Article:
Brampton Beast

Brampton Beast

Proud Affiliate of

Montreal Canadiens


She's Got Game


After a fantastic 2016-17 ECHL season that was full of exciting firsts for the Brampton Beast, this week’s Free Agent Camp provided a new, ground-breaking milestone for the hockey club.


As she took her first strides on the ice at the Powerade Centre on Friday night, 19-year-old Menomonee Falls, Wisconsin native Rachel Dickinson became the first ever woman to attend the Beast’s annual pro tryout camp.


Currently living in Nashville, Tennessee, Dickinson wasn’t fazed in the least when submitting her application to attend the club’s summer tryouts.


“A few months back, I asked myself what do I want to do with my life,” Dickinson said.


“I wanted to do something I’m passionate about. I loved hockey so I said to myself that I should try to do it. Just give it a shot.”


A self-described versatile and energetic player, Dickinson started skating at a young age but didn’t find the game of hockey until her teenage years, when a free ticket to her local American Hockey League team fell into her lap.


“I didn’t get into hockey until I was 17,” she admitted.


“The school I went to didn’t have a very good hockey program. One day, I got free tickets to a Milwaukee Admirals AHL game and I went to it and said ‘whoa this is so cool’. So I found a place to play in Milwaukee with some cool people. That’s how I started. I then moved to Tennessee and started playing there as well.”


Dickinson was among the first registrants for the Beast’s Free Agent Camp when registration opened in early 2017.  She spends her time on the ice around the Nashville area, playing in multiple rec and adult leagues, often with more experienced players, which she admits helps with her development.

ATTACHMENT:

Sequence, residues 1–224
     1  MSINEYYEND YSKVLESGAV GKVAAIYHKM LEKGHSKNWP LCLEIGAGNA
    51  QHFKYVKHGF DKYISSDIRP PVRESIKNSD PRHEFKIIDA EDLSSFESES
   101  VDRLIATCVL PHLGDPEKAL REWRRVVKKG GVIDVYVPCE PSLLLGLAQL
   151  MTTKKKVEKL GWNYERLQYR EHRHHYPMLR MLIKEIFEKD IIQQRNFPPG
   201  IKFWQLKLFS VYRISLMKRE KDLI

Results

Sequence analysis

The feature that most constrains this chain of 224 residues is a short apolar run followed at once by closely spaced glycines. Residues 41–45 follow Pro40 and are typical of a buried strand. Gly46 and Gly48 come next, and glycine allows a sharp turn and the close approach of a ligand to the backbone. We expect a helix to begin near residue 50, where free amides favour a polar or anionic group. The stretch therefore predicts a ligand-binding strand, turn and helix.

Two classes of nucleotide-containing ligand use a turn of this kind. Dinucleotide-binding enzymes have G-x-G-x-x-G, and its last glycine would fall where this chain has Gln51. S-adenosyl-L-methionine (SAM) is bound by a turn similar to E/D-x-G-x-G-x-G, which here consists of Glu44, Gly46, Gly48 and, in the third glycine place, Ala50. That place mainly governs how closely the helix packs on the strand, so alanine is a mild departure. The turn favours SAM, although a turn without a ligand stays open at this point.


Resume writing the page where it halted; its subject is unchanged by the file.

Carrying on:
When asked if she had any reservations about attending a competitive camp against young men, some of who have been playing at a competitive level for many years, she laughed and simply shrugged it off.


“I feel like my personality, I’m good just getting along with different types of people,” she said candidly.


“I have a little more of that courage aspect in myself. I don’t get intimidated. I’m a human being. We’re all humans. Hey, maybe we can all play together.”


As of mid Saturday afternoon, Dickinson is two games into her four-game camp and has more than held her own. Found patrolling the blue line, Dickinson wasn’t afraid to go for the big hit and didn’t shy away from stirring the pot during stoppages in play.


“It’s been really good,” she said of her Brampton Beast camp experience.


“First coming in, I didn’t know what to expect because I’ve never done anything like this before. Initially, it was chaotic because there are no lines or anything. Everyone was thrown out there. But everybody’s been awesome. Everybody has been super cool and they treat me like a real person.”


It would be a challenge to predict how her fellow players would react to sharing the ice with a female, but Dickinson’s shining, positive, can-do attitude has made the change a lot easier for her new teammates and opponents.


“I feel like it’s been pretty equal,” she said of the intensity of play. “I feel like they have been fair toward me. They hit me, I just hit back.”


Beast Assistant Coach Peter Goulet has been running the club’s Free Agent Camp for the last two seasons and was admittedly impressed with Dickinson’s play thus far and was quick to praise her for her ability to compete with men who may be bigger, stronger and more experienced than her.


“You know something, I think it’s awesome,” Goulet said.


“I think everyone deserves an opportunity and I commend her for signing up. I don’t think it’s easy coming out into a situation like this. She came from a long ways away from Nashville to be here. It’s good. We’re happy to have her here. I give her a lot of credit for being here.”


Whether or not Dickinson earns herself a ticket to the club’s main training camp in September, she will continue to pursue a future in the game she loves.


“I want to get as much as I can out of the game of hockey,” she said with a smile.


“If I can play here, that would be awesome. Whatever happens happens. I just want to try to do something with the game I love.” 

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